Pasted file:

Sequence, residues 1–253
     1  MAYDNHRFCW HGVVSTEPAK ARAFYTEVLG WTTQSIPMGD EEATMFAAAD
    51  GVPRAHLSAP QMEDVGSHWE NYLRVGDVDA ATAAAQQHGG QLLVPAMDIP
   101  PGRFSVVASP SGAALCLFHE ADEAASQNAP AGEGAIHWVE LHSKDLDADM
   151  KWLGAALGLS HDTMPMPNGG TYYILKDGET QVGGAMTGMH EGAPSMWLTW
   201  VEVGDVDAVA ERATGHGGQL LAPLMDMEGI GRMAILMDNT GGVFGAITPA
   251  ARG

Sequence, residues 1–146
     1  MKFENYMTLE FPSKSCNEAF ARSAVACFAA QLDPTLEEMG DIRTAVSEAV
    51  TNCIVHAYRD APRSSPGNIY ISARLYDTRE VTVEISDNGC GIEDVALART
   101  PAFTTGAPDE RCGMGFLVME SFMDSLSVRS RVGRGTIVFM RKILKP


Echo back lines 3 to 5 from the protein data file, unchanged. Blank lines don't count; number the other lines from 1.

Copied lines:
    51  GVPRAHLSAP QMEDVGSHWE NYLRVGDVDA ATAAAQQHGG QLLVPAMDIP
   101  PGRFSVVASP SGAALCLFHE ADEAASQNAP AGEGAIHWVE LHSKDLDADM
   151  KWLGAALGLS HDTMPMPNGG TYYILKDGET QVGGAMTGMH EGAPSMWLTW